Tag Archives: Frank H. Spearman

‘The Mountain Divide,’ by Frank H. Spearman

I’ve read and appreciated a couple of Frank H. Spearman’s classic westerns (he wrote Whispering Smith, most famously), and thought I’d try another. The Mountain Divide is somewhat different from my previous choices. It has the feel of a boy’s book, a genre which was big at one time. That’s mainly because the main character is a 17-year-old boy, and due to the lack of a romantic element in the plot. The book is also different from the others in not being set in the author’s contemporary time, but several decades back in history. It’s about the building of the Transcontinental Railroad, just after the Civil War.

We first meet Bucks, our hero, as a newly hired telegrapher in the track town of Medicine Bend. Faced with a mob of angry customers, he handles himself with coolness and good sense, gaining the favor of his bosses and senior employees. Important among them is Bob Scott, the action hero of the book, who – interestingly enough – is a “half-breed.”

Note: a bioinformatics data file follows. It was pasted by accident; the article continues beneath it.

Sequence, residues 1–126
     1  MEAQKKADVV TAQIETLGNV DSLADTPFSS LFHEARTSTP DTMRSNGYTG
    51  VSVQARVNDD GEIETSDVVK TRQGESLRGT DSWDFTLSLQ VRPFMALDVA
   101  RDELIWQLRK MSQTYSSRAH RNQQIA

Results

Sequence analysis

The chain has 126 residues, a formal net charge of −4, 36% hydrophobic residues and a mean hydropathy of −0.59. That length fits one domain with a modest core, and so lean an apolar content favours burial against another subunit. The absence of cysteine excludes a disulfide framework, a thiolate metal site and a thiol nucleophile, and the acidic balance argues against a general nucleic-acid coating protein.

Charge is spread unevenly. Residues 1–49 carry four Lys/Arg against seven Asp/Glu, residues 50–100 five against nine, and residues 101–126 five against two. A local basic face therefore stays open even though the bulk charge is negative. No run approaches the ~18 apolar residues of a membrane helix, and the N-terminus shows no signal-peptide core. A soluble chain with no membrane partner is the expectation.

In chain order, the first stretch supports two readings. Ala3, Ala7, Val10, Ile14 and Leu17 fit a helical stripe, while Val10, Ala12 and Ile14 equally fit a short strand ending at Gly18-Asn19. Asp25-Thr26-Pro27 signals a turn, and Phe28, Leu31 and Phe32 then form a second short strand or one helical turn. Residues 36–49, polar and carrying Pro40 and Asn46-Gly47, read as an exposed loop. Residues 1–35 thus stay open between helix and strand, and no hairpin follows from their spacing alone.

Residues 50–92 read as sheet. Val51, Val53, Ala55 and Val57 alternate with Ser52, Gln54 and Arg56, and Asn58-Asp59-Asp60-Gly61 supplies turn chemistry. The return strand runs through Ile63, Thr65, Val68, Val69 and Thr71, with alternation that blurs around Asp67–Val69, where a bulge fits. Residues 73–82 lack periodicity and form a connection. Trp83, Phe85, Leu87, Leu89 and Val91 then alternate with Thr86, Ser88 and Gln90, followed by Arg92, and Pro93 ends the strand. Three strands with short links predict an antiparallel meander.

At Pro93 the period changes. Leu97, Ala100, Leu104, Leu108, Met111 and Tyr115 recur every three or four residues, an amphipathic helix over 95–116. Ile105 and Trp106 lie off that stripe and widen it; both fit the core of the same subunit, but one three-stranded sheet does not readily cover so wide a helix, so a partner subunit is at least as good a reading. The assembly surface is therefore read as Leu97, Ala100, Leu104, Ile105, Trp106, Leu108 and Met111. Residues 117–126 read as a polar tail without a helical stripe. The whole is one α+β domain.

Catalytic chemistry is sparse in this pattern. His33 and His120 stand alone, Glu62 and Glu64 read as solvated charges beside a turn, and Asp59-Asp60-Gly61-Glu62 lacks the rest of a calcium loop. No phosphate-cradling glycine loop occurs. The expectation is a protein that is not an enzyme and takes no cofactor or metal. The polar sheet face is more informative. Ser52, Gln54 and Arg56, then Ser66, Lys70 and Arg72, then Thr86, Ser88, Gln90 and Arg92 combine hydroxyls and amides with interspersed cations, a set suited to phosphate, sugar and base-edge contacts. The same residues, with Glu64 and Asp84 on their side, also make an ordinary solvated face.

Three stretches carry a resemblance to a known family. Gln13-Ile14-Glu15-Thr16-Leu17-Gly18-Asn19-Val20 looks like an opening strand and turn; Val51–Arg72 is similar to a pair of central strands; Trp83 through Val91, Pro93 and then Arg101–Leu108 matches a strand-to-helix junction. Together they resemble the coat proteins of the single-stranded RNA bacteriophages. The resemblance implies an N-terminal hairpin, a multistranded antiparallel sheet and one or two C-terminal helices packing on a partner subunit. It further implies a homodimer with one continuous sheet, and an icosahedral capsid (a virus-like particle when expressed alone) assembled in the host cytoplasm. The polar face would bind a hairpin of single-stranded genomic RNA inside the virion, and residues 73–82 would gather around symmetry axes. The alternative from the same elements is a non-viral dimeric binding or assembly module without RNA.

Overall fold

The story proceeds with Bucks advancing in his career, and clashing again and again with the outlaw element that accompanies the progress of the track laying. In the end it will come to open war between the railroad men and the lawless elements. Hostile Indians are also a constant threat. Bucks and Bob Scott will nearly lose their lives before their final triumph.

I should probably mention that, to the best of my knowledge, author Spearman gives a false impression of the legal situation. The recent miniseries Hell On Wheels, which I gave up watching, more realistically portrayed the arrangement – the saloons and gambling dens and houses of ill fame went west with the construction, and were tolerated – or facilitated – by the railroad companies. In this story, the two groups are mortal enemies.

As you’d expect for a book written around the turn of the 20th Century and aimed at boys, The Mountain Divide is a pretty straightforward adventure story, easily enjoyed. I consider Spearman a superior stylist to most of his contemporaries, and I liked this book.

‘Laramie Holds the Range,’ by Frank H. Spearman

I so enjoyed Whispering Smith, which I reviewed here, that I picked up another Frank H. Spearman western, Laramie Holds the Range. It’s very much of a formula with Smith in terms of characters, but the plot is quite different.